Most of the original French merchant navy crew left ‘Le Rhin’ after she put into Gibraltar. With the political grave military situation of the time it had become a rebellious crew. The Frenchmen who remained were determined to continue the fight.

There was also a Frenchwoman on board: Madeleine Victorine Bayard (born 21 February 1911, Paris). She was a saboteur ‘par excellence’ and romantically attached to Claude Péri. Unusually for a Royal Navy vessel, Madeleine Bayard continued to serve at sea on H.M.S. Fidelity as a WRNS officer (1st Officer) with the ‘nom de guerre’ of Madeleine Barclay.

Sunday, 24 April, 2016  
Blogger ritsonvaljos said...

The Belgian second-in-command of H.M.S. Fidelity

Before S.S. ‘Le Rhin’ embarked for Barry, South Wales there were others who came on board determined to fight the Nazis. A small group of Belgian officers arrived in Gibraltar about the same time, at the end of June 1940, after being evacuated from Sète on the French Mediterranean coastline. The small group of Belgians was about thirteen in number.

A number of this select group of Belgian officers went in to have a distinguished war service. For example, one of them was Captain Georges Danloy who joined the Commandos and immediately after the war became Commanding Officer of the Belgian Commandos. Another Belgian who evacuated from Sète to Gibraltar at this time was Baron Jean Michel de Selys-Longchamps. He was awarded the D.F.C. while serving with 609 Squadron of the R.A.F. after a successful, but unauthorised, attack on the Gestapo headquarters in Brussels in January 1943.

However, for the purposes of this article, it is a small group of three Belgian army officers we are concerned with as they went on to serve as Royal Navy officers on H.M.S. Fidelity. The one who was to become the best known of these three was Lieutenant Albert-Marie Edmond Guérisse of the Belgian Army Medical Corps. He became second-in-command of H.M.S. Fidelity for a time, serving as Lieutenant-Commander Patrick Albert O’Leary. After being stranded in southern France in 1941, “Pat O’Leary” went on to become the became the leader of the Allied ‘PAT’ escape and evasion line. After the war some of Lieutenant-Commander O’Leary was interviewed about his memories of H.M.S. Fidelity.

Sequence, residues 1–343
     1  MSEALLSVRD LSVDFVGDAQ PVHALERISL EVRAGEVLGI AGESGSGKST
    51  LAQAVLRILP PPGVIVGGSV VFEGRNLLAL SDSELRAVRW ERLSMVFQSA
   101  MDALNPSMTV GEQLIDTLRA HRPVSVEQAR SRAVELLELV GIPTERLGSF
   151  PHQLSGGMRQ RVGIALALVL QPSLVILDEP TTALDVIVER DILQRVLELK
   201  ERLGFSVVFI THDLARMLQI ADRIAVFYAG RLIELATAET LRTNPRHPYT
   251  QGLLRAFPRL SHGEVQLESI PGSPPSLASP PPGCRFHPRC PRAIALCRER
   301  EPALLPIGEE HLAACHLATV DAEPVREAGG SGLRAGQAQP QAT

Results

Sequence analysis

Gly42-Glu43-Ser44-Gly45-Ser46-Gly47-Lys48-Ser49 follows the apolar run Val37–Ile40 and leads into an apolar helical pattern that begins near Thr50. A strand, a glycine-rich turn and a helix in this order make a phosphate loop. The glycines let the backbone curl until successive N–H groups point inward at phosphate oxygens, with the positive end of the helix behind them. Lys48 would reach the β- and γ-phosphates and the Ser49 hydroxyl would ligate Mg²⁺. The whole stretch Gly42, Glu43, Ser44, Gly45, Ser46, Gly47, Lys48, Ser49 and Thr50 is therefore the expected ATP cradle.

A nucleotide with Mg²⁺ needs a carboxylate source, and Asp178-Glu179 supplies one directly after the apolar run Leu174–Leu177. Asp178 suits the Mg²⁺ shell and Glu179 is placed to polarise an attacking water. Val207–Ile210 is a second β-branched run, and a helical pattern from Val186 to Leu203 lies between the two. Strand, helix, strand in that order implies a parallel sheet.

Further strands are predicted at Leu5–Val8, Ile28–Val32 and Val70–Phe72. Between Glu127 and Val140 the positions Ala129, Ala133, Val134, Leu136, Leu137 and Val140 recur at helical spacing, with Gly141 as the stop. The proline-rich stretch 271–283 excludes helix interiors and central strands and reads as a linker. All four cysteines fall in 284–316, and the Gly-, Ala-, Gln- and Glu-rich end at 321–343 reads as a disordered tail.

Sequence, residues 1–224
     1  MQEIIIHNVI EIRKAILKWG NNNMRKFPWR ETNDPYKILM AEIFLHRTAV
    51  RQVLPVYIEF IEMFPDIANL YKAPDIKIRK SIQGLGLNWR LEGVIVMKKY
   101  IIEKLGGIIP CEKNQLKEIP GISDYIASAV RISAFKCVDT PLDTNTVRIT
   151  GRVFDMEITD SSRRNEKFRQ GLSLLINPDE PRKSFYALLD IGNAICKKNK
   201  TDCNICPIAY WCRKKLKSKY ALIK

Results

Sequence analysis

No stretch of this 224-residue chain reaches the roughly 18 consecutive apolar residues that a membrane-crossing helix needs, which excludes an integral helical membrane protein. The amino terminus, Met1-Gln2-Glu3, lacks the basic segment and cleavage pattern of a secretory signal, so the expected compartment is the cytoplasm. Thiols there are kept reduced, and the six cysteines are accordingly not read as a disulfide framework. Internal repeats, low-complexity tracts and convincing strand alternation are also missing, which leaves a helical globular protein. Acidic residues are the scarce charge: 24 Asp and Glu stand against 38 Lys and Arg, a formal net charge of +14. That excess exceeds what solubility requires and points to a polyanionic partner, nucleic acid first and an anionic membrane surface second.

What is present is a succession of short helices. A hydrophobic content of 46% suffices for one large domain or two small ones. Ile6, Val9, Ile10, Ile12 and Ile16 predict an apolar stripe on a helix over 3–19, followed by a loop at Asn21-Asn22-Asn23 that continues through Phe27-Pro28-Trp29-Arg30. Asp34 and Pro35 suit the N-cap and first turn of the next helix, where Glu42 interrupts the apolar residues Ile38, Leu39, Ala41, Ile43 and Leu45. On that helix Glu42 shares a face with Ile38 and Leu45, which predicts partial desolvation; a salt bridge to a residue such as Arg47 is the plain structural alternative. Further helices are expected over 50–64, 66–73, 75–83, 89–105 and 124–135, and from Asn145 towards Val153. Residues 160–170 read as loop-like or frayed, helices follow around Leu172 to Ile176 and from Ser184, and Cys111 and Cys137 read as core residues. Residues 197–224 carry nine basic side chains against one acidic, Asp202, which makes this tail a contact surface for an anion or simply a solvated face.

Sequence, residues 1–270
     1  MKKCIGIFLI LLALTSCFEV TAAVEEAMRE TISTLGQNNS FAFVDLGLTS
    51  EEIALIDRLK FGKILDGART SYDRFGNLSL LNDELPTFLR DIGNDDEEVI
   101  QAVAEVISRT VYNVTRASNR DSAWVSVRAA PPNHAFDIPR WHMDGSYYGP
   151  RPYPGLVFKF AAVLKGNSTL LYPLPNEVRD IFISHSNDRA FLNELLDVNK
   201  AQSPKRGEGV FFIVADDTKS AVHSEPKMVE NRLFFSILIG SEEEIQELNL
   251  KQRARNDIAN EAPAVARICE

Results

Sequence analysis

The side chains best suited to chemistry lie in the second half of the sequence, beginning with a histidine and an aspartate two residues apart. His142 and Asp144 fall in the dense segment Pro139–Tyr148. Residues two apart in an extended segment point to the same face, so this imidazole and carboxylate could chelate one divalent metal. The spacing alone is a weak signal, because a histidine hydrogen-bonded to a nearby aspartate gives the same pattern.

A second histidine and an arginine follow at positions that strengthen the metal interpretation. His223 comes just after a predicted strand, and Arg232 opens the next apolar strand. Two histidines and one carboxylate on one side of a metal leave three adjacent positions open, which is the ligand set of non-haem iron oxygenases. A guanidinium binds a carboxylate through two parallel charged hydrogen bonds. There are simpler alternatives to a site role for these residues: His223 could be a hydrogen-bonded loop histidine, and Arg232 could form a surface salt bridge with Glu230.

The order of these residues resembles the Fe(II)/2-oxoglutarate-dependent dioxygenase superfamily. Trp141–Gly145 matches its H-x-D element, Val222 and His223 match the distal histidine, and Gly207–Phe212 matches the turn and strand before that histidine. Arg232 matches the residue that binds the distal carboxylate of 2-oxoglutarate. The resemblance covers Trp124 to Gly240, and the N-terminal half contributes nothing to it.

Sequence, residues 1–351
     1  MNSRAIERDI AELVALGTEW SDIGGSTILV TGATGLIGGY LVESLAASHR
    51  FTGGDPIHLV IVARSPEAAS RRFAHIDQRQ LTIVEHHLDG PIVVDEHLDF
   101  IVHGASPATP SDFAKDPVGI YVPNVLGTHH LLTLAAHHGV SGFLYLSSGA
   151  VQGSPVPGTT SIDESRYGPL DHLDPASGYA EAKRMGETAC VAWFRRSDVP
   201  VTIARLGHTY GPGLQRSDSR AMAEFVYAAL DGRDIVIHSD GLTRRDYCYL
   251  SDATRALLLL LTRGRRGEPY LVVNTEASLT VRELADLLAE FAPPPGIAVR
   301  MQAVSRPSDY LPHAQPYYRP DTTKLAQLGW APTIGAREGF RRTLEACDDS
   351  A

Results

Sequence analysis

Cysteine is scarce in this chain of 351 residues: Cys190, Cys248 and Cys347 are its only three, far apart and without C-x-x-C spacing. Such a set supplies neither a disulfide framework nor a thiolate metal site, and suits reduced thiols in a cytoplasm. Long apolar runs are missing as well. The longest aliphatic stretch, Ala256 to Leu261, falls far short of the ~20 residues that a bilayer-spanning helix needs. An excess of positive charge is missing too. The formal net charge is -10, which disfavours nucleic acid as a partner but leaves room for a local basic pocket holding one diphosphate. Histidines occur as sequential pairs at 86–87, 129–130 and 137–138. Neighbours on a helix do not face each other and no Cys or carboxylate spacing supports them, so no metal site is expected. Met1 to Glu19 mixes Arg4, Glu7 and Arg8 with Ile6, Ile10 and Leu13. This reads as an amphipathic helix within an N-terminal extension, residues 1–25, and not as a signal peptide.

Below is a translation of Pat O’Leary’s account of how he and his fellow Belgian officers first came across Claude Péri / Jack Langlais, Madeleine Bayard / Barclay and SS ‘Le Rhin’ in Gibraltar harbour on 29 June 1940. It first appeared in the French language Brussels newspaper “La Libre Belgique” (November 1946):

“It was at Gibraltar that my destiny was forged. A French Naval officer, Commandant Péri, was struggling against a rebellious crew. He called upon us to assist. We were happy to give him a helping hand; since his men wanted to make for an Algerian port and place themselves under the flag of a France that had surrendered.

This vessel of 20 tonnes, which was called “Le Rhin”, had in fact been stolen by Péri at Marseille. Péri was the most splendid example of a pirate: steeped in bravado and vice. He was from Indo-China and had a lady friend on board, a young woman who, herself, bore a legendary name: Madeleine Bayard. The French Navy had entrusted to Péri with a mission that fascinated him: to sail on a harmless looking boat, he was to blow up German ships in neutral ports. At Las Palmas, he had done just this, by his own hands and helped only by his chief engineer and Miss Barclay, he had blown up an enemy vessel of 10,000 tonnes. His crew knew nothing about it.